The head of the British government Theresa May at a European summit in Brussels, June 2017 (illustration). REUTERS / Francois Lenoir
For twenty-four hours, European circles are busy weighing and dissecting meticulously 98 pages of this British White Paper on Brexit, sent yesterday, Thursday, July 12, by Theresa May to European negotiators.
with our correspondent in Brussels, Quentin Dickinson
And the opinions are divided, not on the content - clearly unacceptable as it is - but on the answer to be given. It is understandable here that this text is the result of superhuman efforts on the part of Theresa May to impose a minimum consensus between his ministers and parliamentarians of his party, and no one among the leaders of the EU does not wish its fall, synonymous with a UK exit from the EU without any agreement.
But, on the other hand, we feel that we have to honestly say things.
For the London proposals only provide for a free trade agreement covering only goods - whereas services now account for almost 80% of the UK economy.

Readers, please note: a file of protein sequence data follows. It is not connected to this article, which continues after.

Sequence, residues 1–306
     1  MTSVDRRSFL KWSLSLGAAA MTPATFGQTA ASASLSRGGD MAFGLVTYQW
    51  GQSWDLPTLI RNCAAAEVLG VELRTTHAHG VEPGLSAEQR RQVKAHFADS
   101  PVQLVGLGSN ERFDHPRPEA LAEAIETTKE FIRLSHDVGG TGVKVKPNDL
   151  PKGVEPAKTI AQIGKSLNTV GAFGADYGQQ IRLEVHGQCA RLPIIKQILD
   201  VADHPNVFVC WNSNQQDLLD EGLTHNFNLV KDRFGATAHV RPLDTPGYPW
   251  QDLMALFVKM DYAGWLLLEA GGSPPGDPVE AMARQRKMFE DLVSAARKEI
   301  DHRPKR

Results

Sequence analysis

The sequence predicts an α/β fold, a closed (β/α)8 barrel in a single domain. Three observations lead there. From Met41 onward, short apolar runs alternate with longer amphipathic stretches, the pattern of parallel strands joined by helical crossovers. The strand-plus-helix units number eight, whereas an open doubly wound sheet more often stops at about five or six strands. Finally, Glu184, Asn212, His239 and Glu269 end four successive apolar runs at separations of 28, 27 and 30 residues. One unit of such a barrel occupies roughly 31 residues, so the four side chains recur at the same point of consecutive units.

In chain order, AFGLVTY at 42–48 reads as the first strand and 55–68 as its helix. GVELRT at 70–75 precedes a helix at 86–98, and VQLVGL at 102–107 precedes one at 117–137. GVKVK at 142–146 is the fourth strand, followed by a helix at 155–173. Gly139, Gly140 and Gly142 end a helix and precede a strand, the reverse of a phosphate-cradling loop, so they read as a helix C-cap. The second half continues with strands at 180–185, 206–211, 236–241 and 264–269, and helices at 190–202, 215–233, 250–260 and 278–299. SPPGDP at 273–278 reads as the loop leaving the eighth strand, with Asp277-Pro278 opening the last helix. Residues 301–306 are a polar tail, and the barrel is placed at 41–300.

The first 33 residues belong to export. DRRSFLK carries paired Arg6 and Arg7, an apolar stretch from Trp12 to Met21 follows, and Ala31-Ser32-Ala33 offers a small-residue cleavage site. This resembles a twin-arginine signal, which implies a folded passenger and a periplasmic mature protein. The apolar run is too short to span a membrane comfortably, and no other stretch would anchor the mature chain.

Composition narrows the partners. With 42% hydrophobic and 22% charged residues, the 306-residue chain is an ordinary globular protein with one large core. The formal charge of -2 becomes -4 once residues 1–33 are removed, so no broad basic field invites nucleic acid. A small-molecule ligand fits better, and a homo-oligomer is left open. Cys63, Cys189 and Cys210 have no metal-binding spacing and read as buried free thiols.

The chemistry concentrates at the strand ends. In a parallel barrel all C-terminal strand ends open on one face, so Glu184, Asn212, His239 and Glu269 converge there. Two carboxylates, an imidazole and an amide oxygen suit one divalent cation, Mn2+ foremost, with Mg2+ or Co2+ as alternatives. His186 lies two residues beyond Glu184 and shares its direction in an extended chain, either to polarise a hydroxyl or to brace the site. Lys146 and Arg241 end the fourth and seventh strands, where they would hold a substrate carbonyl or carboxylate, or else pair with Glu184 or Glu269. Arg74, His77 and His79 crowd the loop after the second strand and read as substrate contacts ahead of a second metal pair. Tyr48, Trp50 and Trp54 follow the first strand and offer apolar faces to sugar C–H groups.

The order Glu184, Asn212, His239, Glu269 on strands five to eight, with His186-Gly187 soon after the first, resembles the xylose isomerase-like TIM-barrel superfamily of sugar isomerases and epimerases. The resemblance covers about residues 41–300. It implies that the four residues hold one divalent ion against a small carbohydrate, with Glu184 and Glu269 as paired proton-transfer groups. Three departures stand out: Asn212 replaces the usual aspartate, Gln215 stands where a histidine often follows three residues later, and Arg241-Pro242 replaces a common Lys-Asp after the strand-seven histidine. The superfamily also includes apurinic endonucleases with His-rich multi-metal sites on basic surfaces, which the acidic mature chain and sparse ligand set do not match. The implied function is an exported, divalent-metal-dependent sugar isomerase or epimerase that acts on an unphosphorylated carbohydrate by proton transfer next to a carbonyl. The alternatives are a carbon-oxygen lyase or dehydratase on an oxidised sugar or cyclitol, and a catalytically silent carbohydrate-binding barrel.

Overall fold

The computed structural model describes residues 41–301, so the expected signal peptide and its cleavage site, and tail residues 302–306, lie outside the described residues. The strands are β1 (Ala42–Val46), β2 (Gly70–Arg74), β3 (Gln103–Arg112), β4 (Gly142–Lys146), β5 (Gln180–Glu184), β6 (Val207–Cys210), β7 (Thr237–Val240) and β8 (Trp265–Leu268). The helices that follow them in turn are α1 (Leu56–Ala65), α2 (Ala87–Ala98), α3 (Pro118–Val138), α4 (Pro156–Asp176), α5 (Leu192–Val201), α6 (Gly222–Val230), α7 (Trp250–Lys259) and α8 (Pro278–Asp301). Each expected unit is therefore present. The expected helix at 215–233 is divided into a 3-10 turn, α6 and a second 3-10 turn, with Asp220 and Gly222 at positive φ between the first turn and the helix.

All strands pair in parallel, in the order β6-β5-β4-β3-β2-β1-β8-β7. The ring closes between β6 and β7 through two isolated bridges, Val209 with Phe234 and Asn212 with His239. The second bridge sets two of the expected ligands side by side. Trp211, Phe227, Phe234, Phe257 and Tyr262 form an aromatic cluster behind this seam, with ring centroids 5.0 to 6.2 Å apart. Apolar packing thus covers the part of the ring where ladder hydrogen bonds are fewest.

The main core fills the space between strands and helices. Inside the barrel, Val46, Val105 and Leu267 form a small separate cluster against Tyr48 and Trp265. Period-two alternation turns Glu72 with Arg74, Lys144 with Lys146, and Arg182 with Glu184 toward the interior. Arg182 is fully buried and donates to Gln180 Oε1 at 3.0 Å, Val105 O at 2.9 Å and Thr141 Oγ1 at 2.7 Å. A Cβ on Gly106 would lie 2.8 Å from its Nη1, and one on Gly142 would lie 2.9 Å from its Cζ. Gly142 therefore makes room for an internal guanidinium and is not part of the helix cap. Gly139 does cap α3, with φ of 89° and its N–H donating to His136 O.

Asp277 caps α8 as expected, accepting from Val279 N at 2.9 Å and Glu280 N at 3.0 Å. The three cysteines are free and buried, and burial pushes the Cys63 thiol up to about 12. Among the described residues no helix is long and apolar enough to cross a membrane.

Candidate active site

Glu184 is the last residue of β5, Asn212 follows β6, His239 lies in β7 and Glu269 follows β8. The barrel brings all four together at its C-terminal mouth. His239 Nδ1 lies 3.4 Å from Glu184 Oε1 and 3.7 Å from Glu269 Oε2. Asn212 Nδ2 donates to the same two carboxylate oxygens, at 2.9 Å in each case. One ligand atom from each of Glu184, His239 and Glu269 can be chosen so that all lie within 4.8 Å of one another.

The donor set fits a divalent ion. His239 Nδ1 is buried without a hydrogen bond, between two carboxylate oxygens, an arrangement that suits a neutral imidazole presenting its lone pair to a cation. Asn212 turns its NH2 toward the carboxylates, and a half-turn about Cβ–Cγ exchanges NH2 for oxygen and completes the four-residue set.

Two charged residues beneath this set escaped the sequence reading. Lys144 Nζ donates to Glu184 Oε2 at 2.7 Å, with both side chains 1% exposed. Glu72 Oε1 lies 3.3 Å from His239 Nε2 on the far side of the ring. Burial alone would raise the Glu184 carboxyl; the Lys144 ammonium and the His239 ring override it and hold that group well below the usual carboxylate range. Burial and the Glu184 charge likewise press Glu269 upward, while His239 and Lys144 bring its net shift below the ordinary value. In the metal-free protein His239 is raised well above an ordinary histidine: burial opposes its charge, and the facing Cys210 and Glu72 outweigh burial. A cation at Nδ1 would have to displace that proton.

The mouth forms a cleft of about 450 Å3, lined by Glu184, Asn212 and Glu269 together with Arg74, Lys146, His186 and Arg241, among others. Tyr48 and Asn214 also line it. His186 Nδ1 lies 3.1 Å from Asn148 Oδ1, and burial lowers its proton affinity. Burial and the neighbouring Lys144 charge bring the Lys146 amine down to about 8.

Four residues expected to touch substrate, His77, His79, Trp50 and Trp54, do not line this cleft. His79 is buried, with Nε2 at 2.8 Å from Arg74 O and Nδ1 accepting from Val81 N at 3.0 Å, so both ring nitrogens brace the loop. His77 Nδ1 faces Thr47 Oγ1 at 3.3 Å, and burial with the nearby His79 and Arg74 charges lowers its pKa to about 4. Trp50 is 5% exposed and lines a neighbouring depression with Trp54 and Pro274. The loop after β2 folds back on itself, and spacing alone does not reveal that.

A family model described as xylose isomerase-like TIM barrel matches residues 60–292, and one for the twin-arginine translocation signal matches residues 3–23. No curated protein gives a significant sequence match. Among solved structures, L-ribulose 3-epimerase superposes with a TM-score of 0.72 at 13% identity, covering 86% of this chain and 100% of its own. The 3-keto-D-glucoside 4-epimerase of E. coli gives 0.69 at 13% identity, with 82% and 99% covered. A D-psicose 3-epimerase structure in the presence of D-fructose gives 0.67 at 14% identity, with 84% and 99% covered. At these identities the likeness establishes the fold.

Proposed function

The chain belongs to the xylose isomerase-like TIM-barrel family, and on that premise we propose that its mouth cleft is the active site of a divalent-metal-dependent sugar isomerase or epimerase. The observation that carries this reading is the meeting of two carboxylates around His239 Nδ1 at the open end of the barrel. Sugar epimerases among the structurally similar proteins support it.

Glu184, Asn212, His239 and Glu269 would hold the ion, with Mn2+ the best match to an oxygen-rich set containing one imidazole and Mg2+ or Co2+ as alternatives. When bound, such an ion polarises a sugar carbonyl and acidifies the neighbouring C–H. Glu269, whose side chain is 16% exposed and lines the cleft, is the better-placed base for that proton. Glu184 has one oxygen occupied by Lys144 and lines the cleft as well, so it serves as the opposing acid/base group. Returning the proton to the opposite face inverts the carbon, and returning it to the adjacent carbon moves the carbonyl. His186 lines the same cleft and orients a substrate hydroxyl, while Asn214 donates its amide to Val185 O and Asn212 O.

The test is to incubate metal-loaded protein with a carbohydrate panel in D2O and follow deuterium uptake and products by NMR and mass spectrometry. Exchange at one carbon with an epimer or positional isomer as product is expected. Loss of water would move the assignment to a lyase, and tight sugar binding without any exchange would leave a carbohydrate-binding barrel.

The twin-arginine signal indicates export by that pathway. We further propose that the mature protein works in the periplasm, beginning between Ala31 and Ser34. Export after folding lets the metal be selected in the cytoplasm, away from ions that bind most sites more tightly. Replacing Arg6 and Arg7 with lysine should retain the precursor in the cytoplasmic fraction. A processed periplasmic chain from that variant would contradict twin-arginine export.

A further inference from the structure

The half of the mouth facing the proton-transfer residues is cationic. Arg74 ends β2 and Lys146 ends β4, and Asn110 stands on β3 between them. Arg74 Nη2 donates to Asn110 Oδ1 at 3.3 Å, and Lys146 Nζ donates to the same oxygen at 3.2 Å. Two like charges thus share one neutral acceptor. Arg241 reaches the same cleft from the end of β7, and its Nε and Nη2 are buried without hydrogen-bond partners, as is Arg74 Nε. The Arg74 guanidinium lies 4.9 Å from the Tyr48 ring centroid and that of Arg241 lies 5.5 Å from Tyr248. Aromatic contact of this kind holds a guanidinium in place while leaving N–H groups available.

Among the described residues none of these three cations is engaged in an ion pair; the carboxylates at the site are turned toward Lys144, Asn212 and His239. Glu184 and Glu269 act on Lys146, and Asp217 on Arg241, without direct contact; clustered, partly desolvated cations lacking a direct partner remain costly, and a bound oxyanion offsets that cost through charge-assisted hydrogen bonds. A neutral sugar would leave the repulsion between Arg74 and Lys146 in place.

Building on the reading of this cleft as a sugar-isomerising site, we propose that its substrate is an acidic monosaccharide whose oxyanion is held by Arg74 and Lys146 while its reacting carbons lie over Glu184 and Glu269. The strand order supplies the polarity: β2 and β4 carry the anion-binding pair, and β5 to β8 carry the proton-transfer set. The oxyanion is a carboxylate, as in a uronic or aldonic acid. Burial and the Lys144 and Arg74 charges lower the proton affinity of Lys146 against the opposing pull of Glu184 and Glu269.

In addition, there is a higher dispute settlement body at the EU Court of Justice, a legal impossibility. And the end of the free movement of people is explicitly stated, which can hardly be presented as progress. Finally, the proposed dual customs regime seems complex and, in use, inefficient and open to all traffic.
It remains for the Europeans three days to get an opinion on the White Paper: Monday, the new British negotiator Dominic Raab landed in Brussels, at Michel Barnier , in charge of negotiations on the European Union side.